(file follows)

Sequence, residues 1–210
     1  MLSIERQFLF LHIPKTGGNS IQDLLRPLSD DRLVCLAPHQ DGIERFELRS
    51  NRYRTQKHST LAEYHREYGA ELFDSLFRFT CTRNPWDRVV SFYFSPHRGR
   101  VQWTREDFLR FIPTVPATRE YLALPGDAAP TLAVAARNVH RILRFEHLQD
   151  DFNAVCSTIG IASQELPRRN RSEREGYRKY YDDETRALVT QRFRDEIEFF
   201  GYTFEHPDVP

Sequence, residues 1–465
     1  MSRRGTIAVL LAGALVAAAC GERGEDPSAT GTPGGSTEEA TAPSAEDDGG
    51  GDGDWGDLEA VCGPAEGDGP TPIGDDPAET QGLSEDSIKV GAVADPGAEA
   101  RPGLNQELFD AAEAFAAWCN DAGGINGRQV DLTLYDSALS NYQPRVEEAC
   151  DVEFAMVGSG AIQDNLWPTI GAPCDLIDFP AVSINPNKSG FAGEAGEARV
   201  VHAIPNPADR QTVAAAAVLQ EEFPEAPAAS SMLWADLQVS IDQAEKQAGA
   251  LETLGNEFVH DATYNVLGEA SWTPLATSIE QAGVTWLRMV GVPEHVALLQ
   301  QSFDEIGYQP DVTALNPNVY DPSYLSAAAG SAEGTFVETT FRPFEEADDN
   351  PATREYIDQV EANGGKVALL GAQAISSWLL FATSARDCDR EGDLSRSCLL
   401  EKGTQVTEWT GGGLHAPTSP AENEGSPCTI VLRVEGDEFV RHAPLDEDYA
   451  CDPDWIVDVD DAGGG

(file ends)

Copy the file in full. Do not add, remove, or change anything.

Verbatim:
Sequence, residues 1–210
     1  MLSIERQFLF LHIPKTGGNS IQDLLRPLSD DRLVCLAPHQ DGIERFELRS
    51  NRYRTQKHST LAEYHREYGA ELFDSLFRFT CTRNPWDRVV SFYFSPHRGR
   101  VQWTREDFLR FIPTVPATRE YLALPGDAAP TLAVAARNVH RILRFEHLQD
   151  DFNAVCSTIG IASQELPRRN RSEREGYRKY YDDETRALVT QRFRDEIEFF
   201  GYTFEHPDVP

Sequence, residues 1–465
     1  MSRRGTIAVL LAGALVAAAC GERGEDPSAT GTPGGSTEEA TAPSAEDDGG
    51  GDGDWGDLEA VCGPAEGDGP TPIGDDPAET QGLSEDSIKV GAVADPGAEA
   101  RPGLNQELFD AAEAFAAWCN DAGGINGRQV DLTLYDSALS NYQPRVEEAC
   151  DVEFAMVGSG AIQDNLWPTI GAPCDLIDFP AVSINPNKSG FAGEAGEARV
   201  VHAIPNPADR QTVAAAAVLQ EEFPEAPAAS SMLWADLQVS IDQAEKQAGA
   251  LETLGNEFVH DATYNVLGEA SWTPLATSIE QAGVTWLRMV GVPEHVALLQ
   301  QSFDEIGYQP DVTALNPNVY DPSYLSAAAG SAEGTFVETT FRPFEEADDN
   351  PATREYIDQV EANGGKVALL GAQAISSWLL FATSARDCDR EGDLSRSCLL
   401  EKGTQVTEWT GGGLHAPTSP AENEGSPCTI VLRVEGDEFV RHAPLDEDYA
   451  CDPDWIVDVD DAGGG